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June 17, 2012
Making uniform function call syntax more complete a feature
As I see it, the goal of uniform function call syntax, as 
described here http://www.drdobbs.com/blogs/cpp/232700394, is to 
allow non-intrusively extending the functionality of a type. I 
think the current implementation comes short in accomplishing 
this goal on two accounts:

1) You can't non-intrusively add static member functions
2) You can't non-intrusively add constructors

So, I'm suggesting these two features to be added to the language:

1. Static method lowering rules
    If function calls like the following are encountered...
    A) Type.compute(<ARGUMENTS>);
    B) Type.compute; // it's a static @property function
    ...and the compute functions haven't been implemented by Type,
    they get lowered into free function calls...
    A) compute!(Type)(<ARGUMENTS>);
    B) compute!(Type);

2. Constructors as free functions
    If a constructor call hasn't been implemented by Type...
    auto t = Type(<ARGUMENTS>);
    ...then it get's lowered into a free function call...
    auto t = this!(Type)(<ARGUMENTS>);
    (or something like that)
June 17, 2012
Re: Making uniform function call syntax more complete a feature
On 2012-06-17 08:39, Tommi wrote:
> As I see it, the goal of uniform function call syntax, as described here
> http://www.drdobbs.com/blogs/cpp/232700394, is to allow non-intrusively
> extending the functionality of a type. I think the current
> implementation comes short in accomplishing this goal on two accounts:
>
> 1) You can't non-intrusively add static member functions
> 2) You can't non-intrusively add constructors
>
> So, I'm suggesting these two features to be added to the language:
>
> 1. Static method lowering rules
> If function calls like the following are encountered...
> A) Type.compute(<ARGUMENTS>);
> B) Type.compute; // it's a static @property function
> ...and the compute functions haven't been implemented by Type,
> they get lowered into free function calls...
> A) compute!(Type)(<ARGUMENTS>);
> B) compute!(Type);
>
> 2. Constructors as free functions
> If a constructor call hasn't been implemented by Type...
> auto t = Type(<ARGUMENTS>);
> ...then it get's lowered into a free function call...
> auto t = this!(Type)(<ARGUMENTS>);
> (or something like that)

I like that idea.

-- 
/Jacob Carlborg
July 12, 2012
Re: Making uniform function call syntax more complete a feature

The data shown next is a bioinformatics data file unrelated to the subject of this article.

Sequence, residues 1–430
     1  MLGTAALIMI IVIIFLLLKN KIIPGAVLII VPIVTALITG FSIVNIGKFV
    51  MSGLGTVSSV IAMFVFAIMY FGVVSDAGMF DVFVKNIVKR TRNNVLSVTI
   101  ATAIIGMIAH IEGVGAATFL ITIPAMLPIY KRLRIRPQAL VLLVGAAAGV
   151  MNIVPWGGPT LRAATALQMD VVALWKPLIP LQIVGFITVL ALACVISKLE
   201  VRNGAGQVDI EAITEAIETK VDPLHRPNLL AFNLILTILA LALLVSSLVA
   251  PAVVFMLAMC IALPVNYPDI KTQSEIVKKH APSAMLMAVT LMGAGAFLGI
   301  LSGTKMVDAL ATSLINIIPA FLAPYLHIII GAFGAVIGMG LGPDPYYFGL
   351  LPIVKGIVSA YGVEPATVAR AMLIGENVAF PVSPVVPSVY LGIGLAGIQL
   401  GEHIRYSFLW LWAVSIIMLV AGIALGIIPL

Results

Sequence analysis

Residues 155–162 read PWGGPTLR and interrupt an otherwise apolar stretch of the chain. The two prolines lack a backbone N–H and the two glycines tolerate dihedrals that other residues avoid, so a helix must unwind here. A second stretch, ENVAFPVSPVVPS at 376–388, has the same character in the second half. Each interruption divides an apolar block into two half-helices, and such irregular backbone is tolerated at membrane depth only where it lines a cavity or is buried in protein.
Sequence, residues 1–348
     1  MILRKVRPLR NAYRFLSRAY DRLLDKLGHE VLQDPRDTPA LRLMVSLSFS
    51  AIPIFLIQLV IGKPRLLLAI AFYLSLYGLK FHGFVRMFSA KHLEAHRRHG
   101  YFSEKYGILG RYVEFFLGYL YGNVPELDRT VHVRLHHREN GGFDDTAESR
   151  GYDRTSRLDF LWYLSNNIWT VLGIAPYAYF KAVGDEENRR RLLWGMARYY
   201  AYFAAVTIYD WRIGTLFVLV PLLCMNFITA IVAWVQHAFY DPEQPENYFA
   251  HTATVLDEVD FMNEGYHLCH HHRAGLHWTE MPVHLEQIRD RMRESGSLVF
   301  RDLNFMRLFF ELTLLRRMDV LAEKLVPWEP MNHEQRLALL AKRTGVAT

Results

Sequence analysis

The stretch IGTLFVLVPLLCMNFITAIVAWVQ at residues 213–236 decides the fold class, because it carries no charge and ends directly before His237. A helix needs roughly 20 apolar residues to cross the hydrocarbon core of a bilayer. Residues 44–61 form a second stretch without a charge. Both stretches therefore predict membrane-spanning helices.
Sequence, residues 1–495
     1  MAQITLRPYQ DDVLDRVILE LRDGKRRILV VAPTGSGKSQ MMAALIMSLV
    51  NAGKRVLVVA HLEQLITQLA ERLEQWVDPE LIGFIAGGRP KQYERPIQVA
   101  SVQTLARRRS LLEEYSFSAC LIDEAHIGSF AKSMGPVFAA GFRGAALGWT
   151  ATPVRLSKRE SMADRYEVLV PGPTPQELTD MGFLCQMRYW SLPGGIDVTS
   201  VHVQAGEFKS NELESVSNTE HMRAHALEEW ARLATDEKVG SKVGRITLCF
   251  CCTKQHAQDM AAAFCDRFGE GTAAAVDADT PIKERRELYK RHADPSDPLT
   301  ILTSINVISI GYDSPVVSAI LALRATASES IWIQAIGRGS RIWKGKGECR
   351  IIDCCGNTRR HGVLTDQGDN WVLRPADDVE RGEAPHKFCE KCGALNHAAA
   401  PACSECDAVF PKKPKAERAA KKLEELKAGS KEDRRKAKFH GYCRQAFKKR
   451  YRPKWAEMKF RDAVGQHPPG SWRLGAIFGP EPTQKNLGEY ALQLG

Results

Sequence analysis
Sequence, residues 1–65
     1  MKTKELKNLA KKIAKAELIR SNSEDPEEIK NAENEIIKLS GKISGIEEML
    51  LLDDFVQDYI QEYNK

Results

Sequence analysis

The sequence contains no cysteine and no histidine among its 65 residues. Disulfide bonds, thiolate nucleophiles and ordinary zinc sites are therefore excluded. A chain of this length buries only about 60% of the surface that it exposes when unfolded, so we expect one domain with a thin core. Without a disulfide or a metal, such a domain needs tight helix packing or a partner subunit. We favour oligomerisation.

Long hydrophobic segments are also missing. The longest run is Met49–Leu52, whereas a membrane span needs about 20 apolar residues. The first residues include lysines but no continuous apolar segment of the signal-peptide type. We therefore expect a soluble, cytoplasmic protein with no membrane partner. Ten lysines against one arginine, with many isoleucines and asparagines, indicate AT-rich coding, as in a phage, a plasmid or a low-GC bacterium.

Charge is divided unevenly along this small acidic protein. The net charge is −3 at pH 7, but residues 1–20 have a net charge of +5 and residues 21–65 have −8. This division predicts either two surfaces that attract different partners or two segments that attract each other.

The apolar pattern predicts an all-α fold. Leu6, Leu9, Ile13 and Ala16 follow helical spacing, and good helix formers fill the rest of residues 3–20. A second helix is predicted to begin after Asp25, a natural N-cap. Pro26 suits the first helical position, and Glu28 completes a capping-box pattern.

I posted this as an enhancement request over there:
http://d.puremagic.com/issues/show_bug.cgi?id=8381
July 12, 2012
Re: Making uniform function call syntax more complete a feature
Have you considered adding operator overloading using UFCS while 
you're at it?
July 12, 2012
Re: Making uniform function call syntax more complete a feature
On 07/12/2012 12:05 PM, Thiez wrote:
> Have you considered adding operator overloading using UFCS while you're
> at it?

There is already an open issue about that iirc.
July 12, 2012
Re: Making uniform function call syntax more complete a feature
On Thursday, 12 July 2012 at 10:05:16 UTC, Thiez wrote:
> Have you considered adding operator overloading using UFCS 
> while you're at it?

I assumed it's already possible to add operators non-intrusively, 
because operators are just syntactic sugar for method calls:

++var;              // actual code
var.opUnary!"++"(); // lowered once
opUnary!"++"(var);  // lowered twice (if necessary)

If you're talking about overloading existing operators (which 
have been implemented as member functions) non-intrusively for 
other types, then I don't know, doesn't it work?
July 12, 2012
Re: Making uniform function call syntax more complete a feature
On Thursday, 12 July 2012 at 12:43:24 UTC, Tommi wrote:
> On Thursday, 12 July 2012 at 10:05:16 UTC, Thiez wrote:
>> Have you considered adding operator overloading using UFCS 
>> while you're at it?
>
> I assumed it's already possible to add operators 
> non-intrusively, because operators are just syntactic sugar for 
> method calls:
>
> ++var;              // actual code
> var.opUnary!"++"(); // lowered once
> opUnary!"++"(var);  // lowered twice (if necessary)
>
> If you're talking about overloading existing operators (which 
> have been implemented as member functions) non-intrusively for 
> other types, then I don't know, doesn't it work?

I actually tried those yesterday (with opEquals and opCmp on 
structs) and couldn't get it to work. Code still used what 
appeared to be an automatically generated opEquals (that appears 
to perform a bitwise comparison) instead of my UFCS opEquals.

It's already quite obvious that the compiler does not obey its 
own rewrite rules (see 
http://dlang.org/operatoroverloading.html#compare) Consider opCmp:
 a < b